"The Grinch" Review

Title: The Grinch
Director: Scott Mosier, Yarrow Cheney
Studio: Illumination Entertainment
Genre(s): Comedy
Rated: PG (For brief rude humor)

A common complaint about Ron Howard's "How The Grinch Stole Christmas" is that the movie was dreary, mean spirited, and overtly sexual.  While I will give the haters credit on that last one, the original Dr. Seuss book was a bit of a downer itself.  It was strange and hopeful, yes, but that is to ignore the fact that the Grinch himself was a mean spirited individual who stole Christmas for the mere fact that he didn't like the joy or noise.  Ruining a whole town's fun brought him pleasure because he saw the whole thing as frivolous, and you sense he wanted to prove to them that they would be as miserable as he was so long as he took their gifts away.  Ironically, my church is going through the Book of Job, in which Satan makes a similar claim about a man who wouldn't be so righteous if his good fortunes were to suddenly vanish.  Long story short: Satan makes a similar bet with God that he ends up losing.

It's a classic story that has worked for year, but Illuminations animated remake "The Grinch" feels too sugary and non-confrontational for the message to really hit home.  For the Grinch (Benedict Cumberbatch) in this film is an outcast to society by his own doing.  He isn't someone who hates Christmas with a passion so much as he just happens to be someone who doesn't have anyone to spend it with, and so seeing other people enjoy it makes him miserable.  In all fairness, there are flashbacks that hint that the Who's in town failed to invite him into their lives, and it is a subplot that has the potential for a rich emotional payoff.  After all, no one likes to see a child alone on Christmas.  I suppose my confusion lies then with why he remains alone for so many years after the fact.  In this movie the Grinch seems to actually socialize with the Who's to the point where he buys his groceries from them.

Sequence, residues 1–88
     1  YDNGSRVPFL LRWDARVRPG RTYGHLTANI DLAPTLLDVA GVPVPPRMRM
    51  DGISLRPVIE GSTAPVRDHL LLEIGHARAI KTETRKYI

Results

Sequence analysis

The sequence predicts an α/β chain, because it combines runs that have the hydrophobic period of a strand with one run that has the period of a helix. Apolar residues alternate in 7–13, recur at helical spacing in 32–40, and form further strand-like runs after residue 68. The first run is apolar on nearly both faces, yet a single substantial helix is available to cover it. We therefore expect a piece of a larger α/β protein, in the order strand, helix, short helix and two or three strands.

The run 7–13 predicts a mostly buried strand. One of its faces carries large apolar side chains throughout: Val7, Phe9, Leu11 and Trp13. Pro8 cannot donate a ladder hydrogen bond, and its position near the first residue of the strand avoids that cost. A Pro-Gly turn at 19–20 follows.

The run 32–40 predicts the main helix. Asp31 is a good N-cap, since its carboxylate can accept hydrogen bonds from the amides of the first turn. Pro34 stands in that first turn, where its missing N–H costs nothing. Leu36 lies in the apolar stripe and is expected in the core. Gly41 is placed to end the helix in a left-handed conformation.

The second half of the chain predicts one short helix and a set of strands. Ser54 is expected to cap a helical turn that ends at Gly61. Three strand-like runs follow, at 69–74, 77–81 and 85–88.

They wish him Merry Christmas and are openly nice even when he is predictably mean.  There's even a Who in Whoville that seems to be under the impression that the Grinch is his friend (and considering some of the banter that takes place, it could be argued they are).  For that matter, The Grinch is openly nice to his dog Max, and is sympathetic to a sidekick character created exclusive for this movie: Fred the Moose.  It's all done in such a way that I questioned if The Grinch was even all that Grinchy to begin with.  Sure, he had a lonely childhood, but that set up requires a more nuanced film than what Illumination is willing to give us.  Their bread and butter are movies that include bright colors, fast movements, and characters to make plush dolls out of (which may even explain why attempts were made to make the Grinch himself look as cuddly as possible).  Give Ron Howard credit: While he may have missed the mark, his adaptation flushed out the Grinch's back story in a much more substantial way to justify being two hours long (this movie barely cracks an hour and a half).

If it seems like I am sour on "The Grinch" at this point, this isn't the case.  No, strictly as a children's film, the movie is largely successful is creating a cute movie version of the classic book that is unlikely to terrify or bore.  For some young one's, it might even be a yearly favorite until they are old enough to see "The Polar Express" or "A Christmas Story."  Considering the other Christmas film in theaters families have to choose is Disney's "The Nutcracker and the Four Realms," I have to say "The Grinch" looks Oscar worthy in comparison.  I guess I'm just wondering why we must return to this story in movie form, when a short subject would have much more of an impact, where Seuss's hand drawn artwork would pack more of a punch than the bean-counting budget animation this film sports?  Also, to quote the Grinch itself, so many moments of this movie move so fast with so little purpose, the movie ends up being nothing but noise, noise, noise.  Noise - in a children's film - is something I can't stand in the least.

Parents, while there could technically be some "crude humor" in this, I don't think anyone's going to be offended by this. Recommended for all ages.